Sometimes in photography, as in life, things just come together perfectly.
I recently had the opportunity to spend a few days at the Valles Caldera National Preserve, located in the Jemez Mountains of northern New Mexico. The Preserve lies on one of the largest volcanic calderas in North America; this supervolcano (as it’s classified) has the capability of altering weather patterns to the point of causing a small ice age if it ever erupts. Try to imagine 1,000 km³ of rock and debris spewing from the earth–1,000 km³–I can’t quite wrap my mind around that.
The land was acquired by the federal government in 2000 as a trust, with a board of trustees making decisions about its management. Still a working cattle ranch, the Caldera is administered using a combination of those policies used in national forests, as well as in national parks.
The thing that strikes me the most is that any event on the Caldera–whether it is hiking, sightseeing, or even hunting–is kept very small. The idea is to give the visitor a sense of solitude. Quiet contemplation. Can you imagine if only 25 people were allowed into Yosemite Valley at a time? That’s a very novel idea indeed.
Visiting this historic place, I knew I wanted to come home with both memorable and meaningful images. First of all, I knew I may never get to visit here again, and second, it was important to me to make images of my home state that carried a sense of belonging. Not knowing exactly what to expect, I hoped for dramatic light, and the time to let the landscape present itself. Great light is often caused by crummy weather. Fortunately, I got it.
Arriving late in the afternoon, rain was already beginning to fall from the thunderheads that had been building strength all day. After looking at the map, we decided on a small pond that looked like it could get good sunset light. By the time we drove up the mountain to our location, the rain had turned to sleet, the ambient temperature was in the mid-30s, and it was indeed beginning to feel a bit like autumn.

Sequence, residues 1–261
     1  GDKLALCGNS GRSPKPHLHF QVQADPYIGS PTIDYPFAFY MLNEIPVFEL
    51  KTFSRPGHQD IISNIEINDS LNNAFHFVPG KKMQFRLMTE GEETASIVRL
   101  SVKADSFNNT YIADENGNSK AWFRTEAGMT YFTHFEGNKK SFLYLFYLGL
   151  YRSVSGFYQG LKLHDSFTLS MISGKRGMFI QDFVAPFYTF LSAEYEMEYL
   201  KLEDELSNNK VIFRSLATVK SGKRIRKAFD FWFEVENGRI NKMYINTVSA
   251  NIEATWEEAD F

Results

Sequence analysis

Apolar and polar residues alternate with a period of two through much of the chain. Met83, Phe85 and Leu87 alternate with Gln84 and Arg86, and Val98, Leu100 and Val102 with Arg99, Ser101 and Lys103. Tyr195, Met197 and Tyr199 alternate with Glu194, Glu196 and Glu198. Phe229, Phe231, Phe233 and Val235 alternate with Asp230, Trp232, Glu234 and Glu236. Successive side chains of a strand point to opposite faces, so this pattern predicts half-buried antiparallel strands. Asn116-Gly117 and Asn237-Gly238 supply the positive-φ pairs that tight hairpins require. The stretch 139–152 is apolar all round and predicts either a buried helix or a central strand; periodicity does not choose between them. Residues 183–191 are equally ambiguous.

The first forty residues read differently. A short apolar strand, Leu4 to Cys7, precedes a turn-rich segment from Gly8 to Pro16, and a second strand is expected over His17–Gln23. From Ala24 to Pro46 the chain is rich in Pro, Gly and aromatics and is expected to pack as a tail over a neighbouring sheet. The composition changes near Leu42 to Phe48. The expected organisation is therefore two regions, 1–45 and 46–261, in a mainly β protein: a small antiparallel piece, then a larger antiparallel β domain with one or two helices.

The rest of that afternoon was spent watching the fog rolling through the trees, constantly evolving, moving, transforming the landscape. I thought of Sigurd Olson as the fog galloped through the trees like a herd of white horses. The hauntingly beautiful bugles of bull elk looking for a fight came out of the mist from all directions.
A feast for the senses.
As sunset neared, the clouds cleared just a bit, and as I’d hoped, the fog settled in on our little pond, our small corner of the world. All ours…tonight anyway. The sky lit up giving us a perfect sunset. Few things could have made it better.
So it went for the rest of the weekend: New Mexico autumn. Wildlife abounded. Rain brought a last bit of summer life to the forest before winter’s grip tightens. Light danced at the perfect times. And, of course, green chiles were on the menu. Thank you, New Mexico, for the perfect start to my favorite season.